25. Not Essential Assignment, But Logical! Unipolar Encoding -1 • Unipolar uses either a Positive Or Negative • Unipolar – Very Simple & Very Primitive Encoding Scheme (almost obsolete) • Unipolar – Only one polarity. • Sending Voltage Pulses along a medium link (usually a wire or cable) • Voltage Level = 1’s • Zero Voltage Level = 0’s

26. Unipolar Encoding -2 • Unipolar Requires DC Component • Average Amplitude Is Non-Zero • Not All Mediums Can Handle A DC Component • Unipolar Requires Synchronization • No Way Receiver Can Determine Beginning Or End • Problem With A Long, Uninterrupted Series Of 1’s • Problem With A Long, Uninterrupted Series Of 0’s • Solution To Synchronization Problem – Use A Separate Parallel Line To Carry Clock Pulse • Doubling # Lines Expensive

27. Polar

28. Polar Encoding uses two voltage levels (positive and negative?)

29. Types Of Polar Encoding

30. Polar Encoding • Polar Encoding – Uses Two Voltage Levels–> 0 Positive & 1 Negative – or Visa Versa • Average Amplitude is 0 • DC Component Not Needed • 4+ Types Of Polar Encoding • NRZ • RZ • Manchester • Differential Manchester

31. NRZ-L Encoding (Polar)

32. Polar NRZ-L Encoding In Polar NRZ-L the Level of the Signal is Dependent upon the State of the Bit.

33. Polar Encoding  NRZ-L • NRZ - NonReturn to Zero – Two Most Popular Methods Are NRZ-L and NRZ-I • NRZ-L • Usually 0 Positive & 1 Negative {For Us!} • Biggest Problem With Long Stream Of 1’s or 0’s [Clocks Might Not Be Synchronized]

34. NRZ-L Practice • Sketch The NRZ-L Encoding For The Signal Below.

35. NRZ-I Encoding (Polar)

36. In NRZ-I the signal is InvertedIf a 1 is Encountered.

37. Polar Encoding  NRZ-I • NRZ-I • An Inversion Of The Voltage Represents 1 • If Pos  Neg If Neg  Pos • No Change Represents 0 • Synchronization Occurs With Every 1 Bit • 0’s Can Still Cause Problem – More 1’s Than 0’s • 0 First  Pos • 1 First  Neg • Next Bit Is 1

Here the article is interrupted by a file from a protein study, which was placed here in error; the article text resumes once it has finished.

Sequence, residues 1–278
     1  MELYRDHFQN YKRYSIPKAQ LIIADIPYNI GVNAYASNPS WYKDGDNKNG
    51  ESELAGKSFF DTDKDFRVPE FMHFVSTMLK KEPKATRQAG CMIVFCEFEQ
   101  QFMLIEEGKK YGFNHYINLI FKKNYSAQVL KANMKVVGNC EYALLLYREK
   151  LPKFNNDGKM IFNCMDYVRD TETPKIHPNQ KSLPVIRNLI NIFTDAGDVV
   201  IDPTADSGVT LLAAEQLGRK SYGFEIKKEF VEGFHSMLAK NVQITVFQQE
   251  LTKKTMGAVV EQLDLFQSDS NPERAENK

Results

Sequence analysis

38. NRZ-I Practice • Sketch The NRZ-I Encoding For The Signal Below.

39. RZ Encoding (Polar)

40. Polar RZ • RZ - Return to Zero – A Signal Change With Every Bit To Assure Synchronization • Several Solutions • RZ • Positive Voltage Means 1 • Negative Voltage Means 0 • Signal Returns To 0 Voltage Half-Through

41. Polar RZ • RZ – 3 Levels Of Amplitude – 3 Voltage Levels

42. Polar RZ Practice • Sketch The RZ Encoding For The Signal Below. Best So Far!

43. A Good Encoded Digital Signal Must Contain a Provision for Synchronization.

44. ManchesterEncoding (Polar)

45. In Manchester Encoding, the Transition at the Middle of the Bitis used for both Synchronization and Bit Representation.

46. Polar Manchester • Manchester • Positive To Negative Transition For 0 • Negative To Positive Transition For 1 • Two Levels Of Amplitude • Inversion At Middle Middle Of Bit Time

47. Polar Manchester (cont) • Manchester • Inversion At Middle Middle Of Bit Time • Synch Signal Change Middle Of Each Bit GreenBlue

48. Polar Manchester Practice • Sketch The Manchester Encoding For The Signal Below. Two Levels Of Amplitude Same Synchronization As RZ

49. I Would Provide KEY Manchester